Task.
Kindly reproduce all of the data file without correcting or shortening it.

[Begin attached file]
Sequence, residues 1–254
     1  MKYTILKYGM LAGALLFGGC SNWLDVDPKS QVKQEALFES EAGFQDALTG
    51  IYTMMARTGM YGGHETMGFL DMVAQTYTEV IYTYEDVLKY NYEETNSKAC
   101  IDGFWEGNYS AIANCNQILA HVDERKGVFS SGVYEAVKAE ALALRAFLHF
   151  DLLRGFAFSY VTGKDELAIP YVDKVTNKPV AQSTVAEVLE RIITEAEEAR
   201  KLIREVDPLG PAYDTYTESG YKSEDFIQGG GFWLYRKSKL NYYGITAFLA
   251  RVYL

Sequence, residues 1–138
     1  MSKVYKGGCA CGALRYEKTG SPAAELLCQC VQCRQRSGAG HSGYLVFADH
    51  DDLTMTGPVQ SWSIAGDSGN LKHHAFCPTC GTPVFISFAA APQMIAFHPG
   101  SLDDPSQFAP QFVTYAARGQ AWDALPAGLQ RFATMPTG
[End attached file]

Sequence, residues 1–254
     1  MKYTILKYGM LAGALLFGGC SNWLDVDPKS QVKQEALFES EAGFQDALTG
    51  IYTMMARTGM YGGHETMGFL DMVAQTYTEV IYTYEDVLKY NYEETNSKAC
   101  IDGFWEGNYS AIANCNQILA HVDERKGVFS SGVYEAVKAE ALALRAFLHF
   151  DLLRGFAFSY VTGKDELAIP YVDKVTNKPV AQSTVAEVLE RIITEAEEAR
   201  KLIREVDPLG PAYDTYTESG YKSEDFIQGG GFWLYRKSKL NYYGITAFLA
   251  RVYL

Sequence, residues 1–138
     1  MSKVYKGGCA CGALRYEKTG SPAAELLCQC VQCRQRSGAG HSGYLVFADH
    51  DDLTMTGPVQ SWSIAGDSGN LKHHAFCPTC GTPVFISFAA APQMIAFHPG
   101  SLDDPSQFAP QFVTYAARGQ AWDALPAGLQ RFATMPTG